• synonyms


or psyche

See more synonyms for psych on Thesaurus.com
verb (used with object) Informal.
  1. to intimidate or frighten psychologically, or make nervous (often followed by out): to psych out the competition.
  2. to prepare psychologically to be in the right frame of mind or to give one's best (often followed by up): to psych oneself up for an interview.
  3. to figure out psychologically; decipher (often followed by out): to psych out a problem.
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Origin of psych1

1915–20 in earlier sense “to subject to psychoanalysis”; originally a shortening of psychoanalyze; in later use (especially indefs 1, 2) perhaps independent use of psych-


noun Informal.
  1. psychology, especially as a course or field of study: She took two semesters of psych in college.
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Origin of psych2

First recorded in 1890–95; by shortening


  1. variant of psycho- before some vowels: psychasthenia.
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Dictionary.com Unabridged Based on the Random House Unabridged Dictionary, © Random House, Inc. 2018

Examples from the Web for psych

Contemporary Examples

Historical Examples

  • He was one of these psych guys that thinks if you say it's so, it makes it so.

    The Hated

    Frederik Pohl

  • Maybe it was that—but I was as confused as a mouse in a psych maze.


    Jim Wannamaker

  • Would you mind if I spent an hour in Psych for reorientation?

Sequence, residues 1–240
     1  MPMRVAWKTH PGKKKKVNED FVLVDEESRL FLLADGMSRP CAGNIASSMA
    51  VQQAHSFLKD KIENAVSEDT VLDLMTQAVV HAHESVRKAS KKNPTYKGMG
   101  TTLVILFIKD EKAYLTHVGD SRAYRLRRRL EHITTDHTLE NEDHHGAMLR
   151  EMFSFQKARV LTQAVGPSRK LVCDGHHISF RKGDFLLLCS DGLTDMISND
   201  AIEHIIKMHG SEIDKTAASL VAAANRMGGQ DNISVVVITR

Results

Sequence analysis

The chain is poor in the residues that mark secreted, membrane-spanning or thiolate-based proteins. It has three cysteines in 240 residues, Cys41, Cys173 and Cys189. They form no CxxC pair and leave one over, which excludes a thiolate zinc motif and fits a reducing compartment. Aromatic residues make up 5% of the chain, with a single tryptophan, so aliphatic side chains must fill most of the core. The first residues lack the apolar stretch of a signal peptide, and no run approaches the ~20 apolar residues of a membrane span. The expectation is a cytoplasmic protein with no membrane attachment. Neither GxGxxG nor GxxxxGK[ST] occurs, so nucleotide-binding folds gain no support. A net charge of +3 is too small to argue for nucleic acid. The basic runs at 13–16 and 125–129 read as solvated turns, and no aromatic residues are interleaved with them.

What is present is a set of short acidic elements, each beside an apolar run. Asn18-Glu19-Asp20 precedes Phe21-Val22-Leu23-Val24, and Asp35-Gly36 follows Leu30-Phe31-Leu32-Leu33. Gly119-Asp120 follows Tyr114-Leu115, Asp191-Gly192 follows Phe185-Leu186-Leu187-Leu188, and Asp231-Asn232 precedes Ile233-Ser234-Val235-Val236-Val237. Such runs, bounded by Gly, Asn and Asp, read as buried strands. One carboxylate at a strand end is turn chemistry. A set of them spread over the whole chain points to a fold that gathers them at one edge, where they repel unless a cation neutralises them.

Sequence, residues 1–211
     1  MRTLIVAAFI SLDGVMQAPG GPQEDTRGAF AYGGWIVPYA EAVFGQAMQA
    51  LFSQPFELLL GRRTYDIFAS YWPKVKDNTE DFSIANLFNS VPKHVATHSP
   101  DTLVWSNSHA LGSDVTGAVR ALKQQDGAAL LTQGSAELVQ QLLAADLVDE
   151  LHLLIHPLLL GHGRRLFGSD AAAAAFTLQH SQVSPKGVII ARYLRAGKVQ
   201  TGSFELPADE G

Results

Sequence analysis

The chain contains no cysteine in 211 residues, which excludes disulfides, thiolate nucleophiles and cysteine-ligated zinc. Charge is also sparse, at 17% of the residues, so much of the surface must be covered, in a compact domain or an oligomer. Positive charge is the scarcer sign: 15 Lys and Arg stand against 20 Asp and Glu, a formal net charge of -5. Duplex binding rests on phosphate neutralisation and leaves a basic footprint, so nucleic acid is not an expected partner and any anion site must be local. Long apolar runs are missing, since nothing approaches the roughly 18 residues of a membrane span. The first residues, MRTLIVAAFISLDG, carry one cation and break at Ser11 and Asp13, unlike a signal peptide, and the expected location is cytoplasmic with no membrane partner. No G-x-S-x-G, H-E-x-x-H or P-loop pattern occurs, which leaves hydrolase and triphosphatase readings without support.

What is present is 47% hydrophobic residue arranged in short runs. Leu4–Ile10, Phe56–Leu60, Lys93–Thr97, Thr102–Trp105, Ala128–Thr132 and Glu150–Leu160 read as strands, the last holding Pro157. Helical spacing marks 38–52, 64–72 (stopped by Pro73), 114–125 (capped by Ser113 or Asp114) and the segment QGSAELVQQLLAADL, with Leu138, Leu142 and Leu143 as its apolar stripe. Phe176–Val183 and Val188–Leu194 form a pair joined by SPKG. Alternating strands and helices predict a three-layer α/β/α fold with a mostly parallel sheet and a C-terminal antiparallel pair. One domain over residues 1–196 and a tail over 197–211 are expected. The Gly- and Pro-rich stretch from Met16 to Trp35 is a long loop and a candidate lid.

Exploiter's End

    James Causey

  • I felt guilty over not going to Psych, but there just wasn't the time.

    Exploiter's End

    James Causey

  • Bradshaw's psych check certainly hadn't hinted at any instability.

British Dictionary definitions for psych



  1. (tr) informal to psychoanalyseSee also psych out, psych up
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Word Origin

C20: shortened from psychoanalyse
Collins English Dictionary - Complete & Unabridged 2012 Digital Edition © William Collins Sons & Co. Ltd. 1979, 1986 © HarperCollins Publishers 1998, 2000, 2003, 2005, 2006, 2007, 2009, 2012

Word Origin and History for psych

as a noun, short for psychology in various senses (e.g. as an academic study, in student slang by 1895). As a verb, first attested 1917 as "to subject to psychoanalysis," short for psychoanalyze. From 1934 as "to outsmart" (also psych out); from 1963 as "to unnerve." However to psych (oneself) up is from 1972; to be psyched up is attested from 1968.

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Online Etymology Dictionary, © 2010 Douglas Harper

psych in Medicine


  1. Variant ofpsycho-